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US Cycle to work benefit could be scrapped

Posted on in Cycles News

A tax plan released in the US this week does away with the cycle to work initiative that allows employers to reimburse workers, tax free, up to $20 per month for expenses related to bike commuting.

cycle pathThe Bicycle Commuter Benefit was created in 2009 as a way to encourage more people to commute by bike in the US. It does so by allowing any employer to provide a reimbursement of up to $240 each year in tax benefits for ‘reasonable expenses' such as bike maintenance, clothing and accessories or even towards the cost of the bike.

But if the latest proposals by the Senate are accepted, this could soon come to an end.

The latest tax bill put forward by Senate Republicans includes the elimination of the Bicycle Commuter Act.

"For some reason, the voters of this bill want to eliminate a not-costly benefit that has many other positive benefits associated with it," said Ken McLeod, policy director at the League of American Bicyclists, a Washington, D.C.-based advocacy group.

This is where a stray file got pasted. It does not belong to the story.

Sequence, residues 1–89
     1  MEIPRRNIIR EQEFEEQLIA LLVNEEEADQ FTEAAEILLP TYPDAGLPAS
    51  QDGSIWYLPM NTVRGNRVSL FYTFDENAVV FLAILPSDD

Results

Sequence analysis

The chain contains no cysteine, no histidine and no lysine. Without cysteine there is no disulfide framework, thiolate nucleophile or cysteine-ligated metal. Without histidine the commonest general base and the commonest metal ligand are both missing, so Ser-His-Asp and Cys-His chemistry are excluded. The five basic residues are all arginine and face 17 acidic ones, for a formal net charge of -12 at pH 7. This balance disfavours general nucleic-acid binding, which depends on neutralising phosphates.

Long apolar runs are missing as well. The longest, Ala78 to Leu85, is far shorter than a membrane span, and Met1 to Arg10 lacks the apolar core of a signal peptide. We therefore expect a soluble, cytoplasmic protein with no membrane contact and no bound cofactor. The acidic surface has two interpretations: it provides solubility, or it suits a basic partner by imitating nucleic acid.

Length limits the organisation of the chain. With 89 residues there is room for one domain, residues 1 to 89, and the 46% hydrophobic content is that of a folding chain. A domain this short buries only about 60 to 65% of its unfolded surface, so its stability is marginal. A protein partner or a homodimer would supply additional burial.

The tax benefit costs the federal government about $5 million a year. Employers are not required to offer the benefit, but may choose to do so. Neither the employer nor the employee are taxed on payroll or income for the reimbursement.

People who drive to work currently get up to $255 a month to put toward parking. Yet under the Senate plan, bicycling is the only transportation-related benefit targeted for elimination.

"I don't know why this is the target," McLeod said. "We think if one benefit is touched, all should be touched. If not, we're going to fight hard to keep it in, or get it back in, so that bicyclists can benefit just like every transportation user."

"The bike commuter benefit can either be reinstated through an amendment in the Senate or when the House and Senate bills are reconciled in conference.

"We'll be looking for every avenue to reinstate the benefit and ensure that it survives conference."

Over the weekend, the League of American Bicyclists called on its members to reach out to Congress and speak against the elimination of the benefit. Around 1,200 people contacted the Senate Finance Committee, McLeod said.
President Trump has said that he hopes to have the plan finalized and approved by the end of the year.

 

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